Molecular mechanisms of spatial protein quality control

 Abstract

Evidence is now accumulating that damaged proteins are not randomly distributed but often concentrated in microscopically visible and functionally distinct inclusion bodies. How misfolded proteins are organized into these compartments, however, is still unknown. We have recently begun to investigate stress-inducible protein quality control (PQC) bodies in yeast cells. Surprisingly, we found that protein misfolding and aggregation were not sufficient to trigger body formation under mild heat stress conditions. Rather, compartment assembly also required the concerted action of molecular chaperones, protein-sorting factors and protein-sequestration factors, thus defining a minimal machinery for spatial PQC. Expression of this machinery was limited to times of acute stress through rapid changes in mRNA abundance and a proteasomal feedback mechanism. These findings demonstrate that yeast cells can control the amount of soluble misfolded proteins through regulated phase transitions in the cytoplasm, thus allowing them to rapidly adapt to changing environmental conditions.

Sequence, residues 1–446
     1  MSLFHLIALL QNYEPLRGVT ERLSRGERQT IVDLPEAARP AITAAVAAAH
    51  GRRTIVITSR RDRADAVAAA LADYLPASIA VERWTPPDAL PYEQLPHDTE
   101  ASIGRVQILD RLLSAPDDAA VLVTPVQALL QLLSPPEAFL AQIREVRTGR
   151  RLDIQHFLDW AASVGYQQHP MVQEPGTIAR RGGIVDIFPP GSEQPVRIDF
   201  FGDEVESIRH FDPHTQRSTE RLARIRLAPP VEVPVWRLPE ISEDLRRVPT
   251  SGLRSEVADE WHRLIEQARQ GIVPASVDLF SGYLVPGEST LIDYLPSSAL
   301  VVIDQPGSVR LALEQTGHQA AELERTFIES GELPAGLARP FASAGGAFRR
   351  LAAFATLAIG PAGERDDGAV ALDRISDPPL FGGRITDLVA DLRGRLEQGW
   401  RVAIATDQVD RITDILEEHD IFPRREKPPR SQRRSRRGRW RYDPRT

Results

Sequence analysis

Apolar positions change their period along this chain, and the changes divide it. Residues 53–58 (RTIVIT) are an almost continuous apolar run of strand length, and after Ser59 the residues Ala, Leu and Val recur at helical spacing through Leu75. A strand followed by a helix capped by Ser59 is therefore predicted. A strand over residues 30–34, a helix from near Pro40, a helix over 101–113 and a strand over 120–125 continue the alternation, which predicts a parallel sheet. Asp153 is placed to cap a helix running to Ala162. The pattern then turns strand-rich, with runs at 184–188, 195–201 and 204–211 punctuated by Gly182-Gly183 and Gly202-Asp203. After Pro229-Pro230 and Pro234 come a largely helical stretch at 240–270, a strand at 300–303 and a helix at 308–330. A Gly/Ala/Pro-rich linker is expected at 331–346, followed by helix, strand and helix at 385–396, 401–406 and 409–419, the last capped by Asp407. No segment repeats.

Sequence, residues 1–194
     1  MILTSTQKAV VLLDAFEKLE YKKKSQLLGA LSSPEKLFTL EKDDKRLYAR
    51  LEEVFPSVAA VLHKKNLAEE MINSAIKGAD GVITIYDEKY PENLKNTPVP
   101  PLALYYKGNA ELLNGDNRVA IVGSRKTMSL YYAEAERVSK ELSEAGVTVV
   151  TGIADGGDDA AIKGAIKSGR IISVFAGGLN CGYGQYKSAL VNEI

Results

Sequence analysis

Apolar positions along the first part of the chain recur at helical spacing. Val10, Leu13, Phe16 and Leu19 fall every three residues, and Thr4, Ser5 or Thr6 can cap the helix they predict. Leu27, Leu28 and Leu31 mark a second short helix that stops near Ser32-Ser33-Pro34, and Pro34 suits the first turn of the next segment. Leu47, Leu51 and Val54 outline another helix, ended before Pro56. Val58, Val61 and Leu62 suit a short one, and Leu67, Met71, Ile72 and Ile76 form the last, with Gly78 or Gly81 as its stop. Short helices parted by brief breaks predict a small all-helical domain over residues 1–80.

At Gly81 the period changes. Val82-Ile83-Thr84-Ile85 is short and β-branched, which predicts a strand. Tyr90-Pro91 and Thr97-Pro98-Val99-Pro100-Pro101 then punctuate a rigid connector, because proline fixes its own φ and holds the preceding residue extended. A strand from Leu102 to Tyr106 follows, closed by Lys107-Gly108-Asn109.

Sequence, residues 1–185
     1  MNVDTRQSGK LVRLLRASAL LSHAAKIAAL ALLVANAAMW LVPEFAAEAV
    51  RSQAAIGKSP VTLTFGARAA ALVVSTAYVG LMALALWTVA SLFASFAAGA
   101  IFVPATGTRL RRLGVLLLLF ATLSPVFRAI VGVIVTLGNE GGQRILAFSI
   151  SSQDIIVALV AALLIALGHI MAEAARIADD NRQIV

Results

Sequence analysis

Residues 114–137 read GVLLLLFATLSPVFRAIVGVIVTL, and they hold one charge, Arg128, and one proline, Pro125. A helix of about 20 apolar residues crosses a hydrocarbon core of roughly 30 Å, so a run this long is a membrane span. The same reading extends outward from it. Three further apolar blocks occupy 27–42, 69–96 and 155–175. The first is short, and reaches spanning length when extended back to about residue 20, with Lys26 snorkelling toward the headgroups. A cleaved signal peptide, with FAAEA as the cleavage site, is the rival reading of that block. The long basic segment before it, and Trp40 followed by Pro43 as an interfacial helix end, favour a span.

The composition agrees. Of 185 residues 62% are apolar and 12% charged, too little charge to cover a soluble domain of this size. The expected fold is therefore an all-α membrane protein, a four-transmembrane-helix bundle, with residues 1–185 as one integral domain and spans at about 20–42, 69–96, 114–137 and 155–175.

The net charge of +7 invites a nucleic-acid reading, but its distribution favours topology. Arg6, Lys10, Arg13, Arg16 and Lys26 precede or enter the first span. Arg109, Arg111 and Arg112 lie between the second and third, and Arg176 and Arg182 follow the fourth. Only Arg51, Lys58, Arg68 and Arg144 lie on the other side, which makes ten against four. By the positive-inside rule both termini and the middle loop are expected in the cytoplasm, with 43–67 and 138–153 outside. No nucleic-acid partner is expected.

Related Article:

L Malinovska, S Kroschwald, MC Munder, D Richter, S Alberti. Molecular chaperones and stress-inducible protein-sorting factors coordinate the spatiotemporal distribution of protein aggregates. Mol Biol Cell 2012; 23: 3041- 56.
PMID: 22718905  DOI: 10.1091/mbc.E12-03-0194

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437 - 442
doi
10.4161/pri.22470
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Molecular mechanisms of spatial protein quality control